A group of companies that do IT skills testing hope that a new seal of approval will head off a crisis of confidence in their certifications brought on by test pirating.
Scrambling to head off a looming credibility crisis, an industry consortium next month will roll a program to validate that IT skills certification providers are taking steps to ensure that answers to their tests arent being pirated.
The validation will come in the form of a seal of approval issued by the ITCSC (IT Certification Security Council), a 10-month-old consortium made up of the industrys largest IT training, testing and certification providers.
The group, which includes Microsoft Corp., Cisco Systems Inc., IBM and Sun Microsystems Inc, is also considering a plan to collectively take legal action against individuals and groups that violate confidentiality agreements by posting IT certification test information online or engaging in other acts of piracy.
The ITCSC seals of approval would be issued to providers that adhere to a series of best practices intended to reduce piracy of copyrighted certification testing material, according to Robert Pedigo, executive director of the ITCSC, in Seattle. The best practices would spell out, for example, how providers should draft and enforce non-disclosure agreements that they ask certificate candidates to sign, how they secure copyrighted information online and how they administer processes such as retesting.
"The seal of approval will indicate that a program is tightly run," said Pedigo. "There have been some occasions where individuals have made improper use of information that is improperly available on the Web. We want to make that much more difficult because, to a certain extent, certifications that are cracked lose their value."
In attacking piracy, vendors are attempting to protect what has become a large and fast-growing business. With the advent of Web-based e-learning, IT training and certification revenues industrywide rose to $25.4 billion in 2001 and are growing fast. Driving much of that growth has been the insistence by many enterprise IT hiring managers on certifications as objective proof of a job candidates technical knowledge. One of the larger administrators of IT skills test and certification programs, Thomson Prometric, a unit of The Thomson Corp., of Toronto, claims to have conducted over 6 million skills exams in 2001.
At the same time, a sub-industry has developed consisting of Web sites that provide IT certification tests either free or for a fee. For example, www.it-success.net sells various tests for the Microsoft Certified System Engineer for $95 each. The site guarantees that customers will pass certification exams on their first attempts if they study using its "preparation tool." Other sites ask individuals to submit tests or questions from IT certification tests.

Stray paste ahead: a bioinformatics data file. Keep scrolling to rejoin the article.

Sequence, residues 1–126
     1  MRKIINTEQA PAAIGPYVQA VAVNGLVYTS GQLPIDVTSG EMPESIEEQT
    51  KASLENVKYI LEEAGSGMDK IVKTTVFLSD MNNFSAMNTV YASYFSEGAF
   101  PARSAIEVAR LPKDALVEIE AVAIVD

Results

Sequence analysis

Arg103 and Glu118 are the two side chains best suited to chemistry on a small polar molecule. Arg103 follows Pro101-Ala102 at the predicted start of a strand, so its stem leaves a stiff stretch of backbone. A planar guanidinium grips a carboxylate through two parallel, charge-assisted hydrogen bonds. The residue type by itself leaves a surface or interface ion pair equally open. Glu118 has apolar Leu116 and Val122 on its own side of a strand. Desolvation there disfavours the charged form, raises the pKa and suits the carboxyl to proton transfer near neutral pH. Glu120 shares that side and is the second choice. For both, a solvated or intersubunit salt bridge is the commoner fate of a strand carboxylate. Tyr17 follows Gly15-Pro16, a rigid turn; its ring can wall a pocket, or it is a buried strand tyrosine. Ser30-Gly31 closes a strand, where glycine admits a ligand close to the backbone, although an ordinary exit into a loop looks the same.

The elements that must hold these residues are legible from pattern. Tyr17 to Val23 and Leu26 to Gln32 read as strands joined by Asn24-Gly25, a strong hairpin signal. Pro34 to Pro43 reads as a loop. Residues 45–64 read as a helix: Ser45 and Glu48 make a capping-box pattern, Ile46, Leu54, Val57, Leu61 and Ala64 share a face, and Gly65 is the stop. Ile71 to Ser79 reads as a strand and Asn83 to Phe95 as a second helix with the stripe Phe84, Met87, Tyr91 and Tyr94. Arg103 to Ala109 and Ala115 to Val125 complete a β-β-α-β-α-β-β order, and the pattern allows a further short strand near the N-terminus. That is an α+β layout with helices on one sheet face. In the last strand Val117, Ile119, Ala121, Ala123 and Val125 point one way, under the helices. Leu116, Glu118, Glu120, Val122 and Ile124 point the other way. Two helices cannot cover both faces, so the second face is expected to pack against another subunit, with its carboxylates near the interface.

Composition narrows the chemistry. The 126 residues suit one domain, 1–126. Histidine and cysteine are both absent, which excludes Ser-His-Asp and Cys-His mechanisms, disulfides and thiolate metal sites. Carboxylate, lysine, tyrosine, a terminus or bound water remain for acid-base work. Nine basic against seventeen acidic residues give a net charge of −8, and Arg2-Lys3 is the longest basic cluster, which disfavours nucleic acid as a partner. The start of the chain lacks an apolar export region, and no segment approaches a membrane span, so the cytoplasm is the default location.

CompTIA (Computer Technology Industry Association), an Oak Brook, Ill.,-based IT testing and certification provider and member of ITCSC, last summer received an injunction against www.cheet-sheets.com after filing a copyright infringement action, according to Fran Linhart, director of certification programs at CompTIA. The site was barred from publishing CompTIA test materials and currently presents a blank page when called up.
Increasingly, some IT hiring managers are questioning the value and validity of some certifications. Although theyre not sure how much cheating goes on, some said they have encountered increasing numbers of job candidates, certifications in hand, who clearly lack the skills they claim to possess.
"I have seen paper certification candidates [whose] ability to execute is by no means near the level needed in the IT environment," said Gregory Smith, vice president and CIO for the World Wildlife Fund, in Washington, and an eWeek contributing editor. "Were having to ask more closely questions about how people got their certifications. The piracy issue is degrading the comfort level among senior IT executives regarding certifications."
Certification and testing providers involved in ITCSC said theyre in favor of the seal of approval. Mark Muth, vice president of corporate services at Thomson Prometric, in Minneapolis, said such an effort would protect the credibility of certification and training programs that IT professionals and providers alike are spending lots of time and money on.
IT professionals are a bit more dubious that the move will have any effect on an issue that revolves around human nature. "I dont think its going to have a large impact on the pirated certification market," said Smith. "An individual whos bright can read up on a certification manual and pass the exam. It just helps if they have pirated material. In the end, it always comes down to trusting an individual."
Lisa Vaas is News Editor/Operations for eWEEK.com and also serves as editor of the Database topic center. Since 1995, she has also been a Webcast news show anchorperson and a reporter covering the IT industry. She has focused on customer relationship management technology, IT salaries and careers, effects of the H1-B visa on the technology workforce, wireless technology, security, and, most recently, databases and the technologies that touch upon them. Her articles have appeared in eWEEK's print edition, on eWEEK.com, and in the startup IT magazine PC Connection. Prior to becoming a journalist, Vaas experienced an array of eye-opening careers, including driving a cab in Boston, photographing cranky babies in shopping malls, selling cameras, typography and computer training. She stopped a hair short of finishing an M.A. in English at the University of Massachusetts in Boston. She earned a B.S. in Communications from Emerson College. She runs two open-mic reading series in Boston and currently keeps bees in her home in Mashpee, Mass.